Before the pandemic, my family visited my aunt in a memory care facility every week. I loved spending time with her and the other residents. Her facility has banned visitors since March 2020. We FaceTimed, but it wasn’t the same. Then she caught COVID-19. Watching her decline was horrible. She passed on New Year’s Eve, and our family had to hold her funeral virtually. When we needed our family most we couldn’t be together.
The pandemic changed my life, but not in entirely bad ways. I’m grateful to realize all the things I took for granted, like how lucky I am to be healthy and to spend time with my family.
Milo Ecker, 5, Randolph, N.J.
I like to have fun at home. My daddy makes movies for work, and we made a movie together. It’s called Puzzled. It’s about me doing a puzzle, but I’m missing a piece. And my little brother Elliot finds the piece! It’s a really good movie.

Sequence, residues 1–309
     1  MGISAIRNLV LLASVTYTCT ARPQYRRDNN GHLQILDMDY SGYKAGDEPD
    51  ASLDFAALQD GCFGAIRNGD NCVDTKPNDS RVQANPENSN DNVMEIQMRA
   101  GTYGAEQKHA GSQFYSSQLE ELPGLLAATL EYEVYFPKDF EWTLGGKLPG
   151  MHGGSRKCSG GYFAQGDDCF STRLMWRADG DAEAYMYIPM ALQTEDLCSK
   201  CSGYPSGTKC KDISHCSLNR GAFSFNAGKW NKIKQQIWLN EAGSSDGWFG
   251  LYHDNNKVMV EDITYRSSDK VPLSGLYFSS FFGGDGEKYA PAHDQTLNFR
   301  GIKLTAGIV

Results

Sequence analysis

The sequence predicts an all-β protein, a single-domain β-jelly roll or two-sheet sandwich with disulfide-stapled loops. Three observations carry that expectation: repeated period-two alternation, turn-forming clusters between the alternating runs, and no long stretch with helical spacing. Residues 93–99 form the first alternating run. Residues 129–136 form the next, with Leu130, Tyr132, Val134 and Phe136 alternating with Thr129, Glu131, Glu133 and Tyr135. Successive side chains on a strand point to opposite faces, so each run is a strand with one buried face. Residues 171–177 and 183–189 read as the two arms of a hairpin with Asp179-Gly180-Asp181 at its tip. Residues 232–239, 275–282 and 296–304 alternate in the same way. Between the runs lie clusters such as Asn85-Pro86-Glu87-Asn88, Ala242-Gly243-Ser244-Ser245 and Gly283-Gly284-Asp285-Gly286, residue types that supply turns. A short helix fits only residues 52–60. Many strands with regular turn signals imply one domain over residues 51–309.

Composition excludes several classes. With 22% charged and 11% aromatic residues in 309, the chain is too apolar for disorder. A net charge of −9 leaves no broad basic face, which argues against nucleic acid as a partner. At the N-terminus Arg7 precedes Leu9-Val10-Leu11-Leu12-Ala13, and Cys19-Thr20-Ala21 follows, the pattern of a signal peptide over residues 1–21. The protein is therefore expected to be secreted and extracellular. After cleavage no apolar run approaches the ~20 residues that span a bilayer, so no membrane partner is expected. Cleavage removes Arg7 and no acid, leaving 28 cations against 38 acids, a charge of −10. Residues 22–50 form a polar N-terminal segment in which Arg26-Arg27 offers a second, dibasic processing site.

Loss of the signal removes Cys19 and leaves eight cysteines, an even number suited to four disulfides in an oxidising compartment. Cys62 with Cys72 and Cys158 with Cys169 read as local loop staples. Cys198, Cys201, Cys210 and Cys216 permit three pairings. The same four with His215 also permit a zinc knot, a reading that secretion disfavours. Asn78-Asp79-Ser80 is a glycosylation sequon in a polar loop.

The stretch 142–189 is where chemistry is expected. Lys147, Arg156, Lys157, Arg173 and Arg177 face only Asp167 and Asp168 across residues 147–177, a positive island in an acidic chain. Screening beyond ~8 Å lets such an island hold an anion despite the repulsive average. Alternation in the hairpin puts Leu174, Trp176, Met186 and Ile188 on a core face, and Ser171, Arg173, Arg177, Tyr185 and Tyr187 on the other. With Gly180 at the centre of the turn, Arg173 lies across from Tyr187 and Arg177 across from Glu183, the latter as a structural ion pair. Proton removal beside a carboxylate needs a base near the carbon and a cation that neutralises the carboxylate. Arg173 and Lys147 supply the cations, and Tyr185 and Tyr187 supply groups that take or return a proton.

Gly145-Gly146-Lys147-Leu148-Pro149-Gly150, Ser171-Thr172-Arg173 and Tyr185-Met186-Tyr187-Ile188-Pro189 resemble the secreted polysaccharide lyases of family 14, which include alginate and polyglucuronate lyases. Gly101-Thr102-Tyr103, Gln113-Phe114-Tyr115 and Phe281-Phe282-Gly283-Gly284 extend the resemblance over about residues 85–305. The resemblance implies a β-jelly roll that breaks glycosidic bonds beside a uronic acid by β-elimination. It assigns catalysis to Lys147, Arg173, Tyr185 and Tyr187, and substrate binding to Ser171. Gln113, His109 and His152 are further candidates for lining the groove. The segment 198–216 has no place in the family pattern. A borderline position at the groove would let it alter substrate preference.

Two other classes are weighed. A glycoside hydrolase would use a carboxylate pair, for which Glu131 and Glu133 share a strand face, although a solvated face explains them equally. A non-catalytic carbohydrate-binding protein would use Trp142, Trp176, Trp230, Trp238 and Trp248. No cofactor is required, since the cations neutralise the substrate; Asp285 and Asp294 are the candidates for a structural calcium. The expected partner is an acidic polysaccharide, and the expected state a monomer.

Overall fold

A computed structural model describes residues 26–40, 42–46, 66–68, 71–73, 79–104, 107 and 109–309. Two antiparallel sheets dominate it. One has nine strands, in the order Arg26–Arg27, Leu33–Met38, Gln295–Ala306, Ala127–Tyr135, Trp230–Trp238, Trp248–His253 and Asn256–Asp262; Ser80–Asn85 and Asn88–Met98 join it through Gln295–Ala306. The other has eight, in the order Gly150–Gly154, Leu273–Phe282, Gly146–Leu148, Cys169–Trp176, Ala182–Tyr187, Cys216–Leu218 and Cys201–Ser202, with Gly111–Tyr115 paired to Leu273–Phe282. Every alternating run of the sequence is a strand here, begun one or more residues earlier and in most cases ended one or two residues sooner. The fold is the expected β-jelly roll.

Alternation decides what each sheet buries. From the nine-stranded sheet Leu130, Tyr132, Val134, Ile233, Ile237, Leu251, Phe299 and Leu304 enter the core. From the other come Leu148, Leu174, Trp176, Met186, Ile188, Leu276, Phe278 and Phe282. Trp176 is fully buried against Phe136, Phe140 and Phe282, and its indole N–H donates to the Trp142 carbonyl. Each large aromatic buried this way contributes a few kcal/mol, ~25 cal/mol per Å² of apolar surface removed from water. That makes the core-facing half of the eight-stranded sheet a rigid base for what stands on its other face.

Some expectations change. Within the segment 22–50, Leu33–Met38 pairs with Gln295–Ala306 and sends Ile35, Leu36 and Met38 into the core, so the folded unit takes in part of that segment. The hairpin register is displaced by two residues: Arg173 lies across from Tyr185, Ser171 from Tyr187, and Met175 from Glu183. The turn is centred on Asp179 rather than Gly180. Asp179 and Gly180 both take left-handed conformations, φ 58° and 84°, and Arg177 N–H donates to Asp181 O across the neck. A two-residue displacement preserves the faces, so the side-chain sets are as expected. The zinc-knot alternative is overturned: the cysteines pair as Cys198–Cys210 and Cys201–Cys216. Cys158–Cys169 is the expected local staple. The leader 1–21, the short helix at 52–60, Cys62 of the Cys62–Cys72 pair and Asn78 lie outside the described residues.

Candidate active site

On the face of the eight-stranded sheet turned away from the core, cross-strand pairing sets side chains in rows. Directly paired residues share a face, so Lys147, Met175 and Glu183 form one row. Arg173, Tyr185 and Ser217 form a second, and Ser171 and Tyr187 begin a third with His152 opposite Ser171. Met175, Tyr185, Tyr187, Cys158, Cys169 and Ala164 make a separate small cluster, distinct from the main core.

Sometimes I do grown-up workouts with my mommy and daddy, so I’m super strong. I like when my daddy makes hot dogs on the grill outside for dinner.
I didn’t go to school for a long time because there was a virus. Now I go to school. I learn science with my friends. I was in a play. I wore a costume and a mask. We wear masks whenever we’re at school. I bring a lot of masks in my backpack because I don’t like when my mask gets wet from spit.
As told to TIME via interview
Sammy P. Smith, 5, Urbana, Ill.
This past year has been very different for me. Daddy never went on any work trips. I homeschooled all year long. I only got to go into two stores. I read hundreds of books from the library. I went to lots of empty playgrounds. I went on lots of hikes in the woods. I’ve spent all year playing with my little brother. I got to go to a drive-through zoo and see a real camel! I barely got to play with any other kids outside of my family. I am looking forward to getting my vaccine so I can make new friends and go to stores with Mommy and Daddy.
Maria Elena Suarez, 13, Bellaire, Texas